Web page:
• Illegal disposal of tires, construction and demolition materials: If you dump your used tires in an improper or illegal fashion, the tires could catch fire and release toxic substances into the air, which damages the environment. Leftover materials from construction and demolition sites can have illegal debris dumped alongside the surrounding roads, which can result in community clean ups that then expose people to the dangerous toxins.
  • Abandoned household appliances: Before throwing away your household appliances, make sure you read the disposal instructions on the product. Mercury can leak from the appliances and expose humans to mercury vapors, which can be deadly for our health.

An environmental crime is a type of fraud that can result in misdemeanor or felony charges, depending on the result of damage and injuries from the crime committed. If you have been charged with an environmental crime and you are seeking legal representation in criminal court, now is the time to contact an experienced criminal defense attorney. Contact Garcia, Schnayerson & Thompson today.

What Is the Difference Between Larceny and Theft?

When it comes to criminal law, there are many different terms in reference to the type of crime you might have committed. All of these different terms can be confusing, and sometimes people might be wondering what they all really mean in legal terms. Two criminal terms that often get confused with one another are larceny and theft. There is a slight difference between these two types of crimes, and it’s important that you know these differences if you are charged with one of them.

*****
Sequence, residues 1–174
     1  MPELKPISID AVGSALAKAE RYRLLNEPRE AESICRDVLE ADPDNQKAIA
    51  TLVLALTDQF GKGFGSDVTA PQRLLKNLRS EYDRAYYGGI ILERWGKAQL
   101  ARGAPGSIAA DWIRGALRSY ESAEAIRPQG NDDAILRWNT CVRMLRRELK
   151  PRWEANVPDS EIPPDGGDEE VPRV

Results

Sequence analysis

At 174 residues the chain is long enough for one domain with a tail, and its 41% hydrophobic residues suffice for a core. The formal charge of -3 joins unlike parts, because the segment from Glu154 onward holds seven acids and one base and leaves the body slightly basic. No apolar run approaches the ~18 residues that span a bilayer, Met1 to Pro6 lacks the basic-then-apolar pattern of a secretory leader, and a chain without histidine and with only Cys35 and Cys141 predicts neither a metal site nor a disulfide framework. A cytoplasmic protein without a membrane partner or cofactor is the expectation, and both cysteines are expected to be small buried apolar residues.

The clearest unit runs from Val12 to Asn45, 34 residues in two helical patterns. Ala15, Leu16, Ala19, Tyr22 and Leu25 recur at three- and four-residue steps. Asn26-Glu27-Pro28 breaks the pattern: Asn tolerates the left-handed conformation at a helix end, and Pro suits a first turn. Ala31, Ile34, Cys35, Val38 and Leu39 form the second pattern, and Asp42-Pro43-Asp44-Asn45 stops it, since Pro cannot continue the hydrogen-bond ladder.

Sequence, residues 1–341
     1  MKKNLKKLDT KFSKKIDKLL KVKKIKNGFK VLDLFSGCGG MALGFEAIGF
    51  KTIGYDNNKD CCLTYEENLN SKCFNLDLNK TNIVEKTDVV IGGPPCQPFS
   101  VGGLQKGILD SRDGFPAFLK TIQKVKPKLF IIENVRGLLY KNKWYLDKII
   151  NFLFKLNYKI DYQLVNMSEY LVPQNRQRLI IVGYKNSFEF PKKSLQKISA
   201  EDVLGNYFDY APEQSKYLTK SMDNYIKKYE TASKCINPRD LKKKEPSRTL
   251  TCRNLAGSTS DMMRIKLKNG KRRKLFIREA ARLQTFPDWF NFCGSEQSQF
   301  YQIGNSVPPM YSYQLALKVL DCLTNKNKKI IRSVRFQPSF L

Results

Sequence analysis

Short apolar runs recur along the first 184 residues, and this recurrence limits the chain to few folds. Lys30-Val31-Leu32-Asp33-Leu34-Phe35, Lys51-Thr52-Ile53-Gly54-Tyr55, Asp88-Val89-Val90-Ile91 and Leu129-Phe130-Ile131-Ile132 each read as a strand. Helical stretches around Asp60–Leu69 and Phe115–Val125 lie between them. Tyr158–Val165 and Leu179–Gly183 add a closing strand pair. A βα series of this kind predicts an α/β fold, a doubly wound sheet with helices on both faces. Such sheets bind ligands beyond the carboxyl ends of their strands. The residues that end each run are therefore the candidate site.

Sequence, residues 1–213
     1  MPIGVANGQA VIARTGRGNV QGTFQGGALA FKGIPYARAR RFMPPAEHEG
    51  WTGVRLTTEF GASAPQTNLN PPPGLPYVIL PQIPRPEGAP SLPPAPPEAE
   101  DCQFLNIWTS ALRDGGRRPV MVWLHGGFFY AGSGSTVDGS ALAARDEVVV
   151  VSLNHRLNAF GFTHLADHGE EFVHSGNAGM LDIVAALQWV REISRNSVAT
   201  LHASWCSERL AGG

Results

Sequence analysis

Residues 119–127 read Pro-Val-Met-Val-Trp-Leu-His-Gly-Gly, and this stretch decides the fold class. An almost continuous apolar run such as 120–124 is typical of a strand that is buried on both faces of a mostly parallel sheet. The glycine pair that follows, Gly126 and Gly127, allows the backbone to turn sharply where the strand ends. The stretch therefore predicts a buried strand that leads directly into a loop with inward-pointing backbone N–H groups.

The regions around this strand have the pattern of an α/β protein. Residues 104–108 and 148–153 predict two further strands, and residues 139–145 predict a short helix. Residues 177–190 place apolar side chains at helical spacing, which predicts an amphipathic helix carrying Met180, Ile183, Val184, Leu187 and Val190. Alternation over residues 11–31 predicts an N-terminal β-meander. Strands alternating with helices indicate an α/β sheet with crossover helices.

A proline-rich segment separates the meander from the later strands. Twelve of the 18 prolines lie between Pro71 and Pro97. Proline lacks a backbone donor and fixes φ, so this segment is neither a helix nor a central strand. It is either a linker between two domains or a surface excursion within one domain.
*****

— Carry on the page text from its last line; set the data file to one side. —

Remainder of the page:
What Is Larceny?

Larceny is actually a type of theft. It involves a person taking property such as goods or money without the owner’s permission or consent for personal use. There are two types of larceny: petty and grand larceny. Petty larceny is a misdemeanor crime where an individual takes property valued at a small amount. Grand larceny, however, includes stealing property at a much higher value. In general, you can define larceny as the stealing of personal property such as items, jewelry, or money just with the intent of having the item for themselves. Larceny would not involve seizing other property such as real estate.

What Is Theft?

Theft is the taking of property from an individual without permission or consent with the intent to use or sell. For example, a person who steals an item from a store and then attempts to sell this item later has committed theft. Theft can also be seen as more of a generic term involving all property crimes, including larceny. It can also be divided into petty and grand thefts. Unlike larceny, however, theft can involve many different types, such as robbery, identity theft, burglary, embezzlement, fraud, etc.

If you believe that you have committed larceny or theft, our criminal attorneys at Garcia, Schnayerson & Thompson will help defend you in criminal court. Contact us today for a free consultation.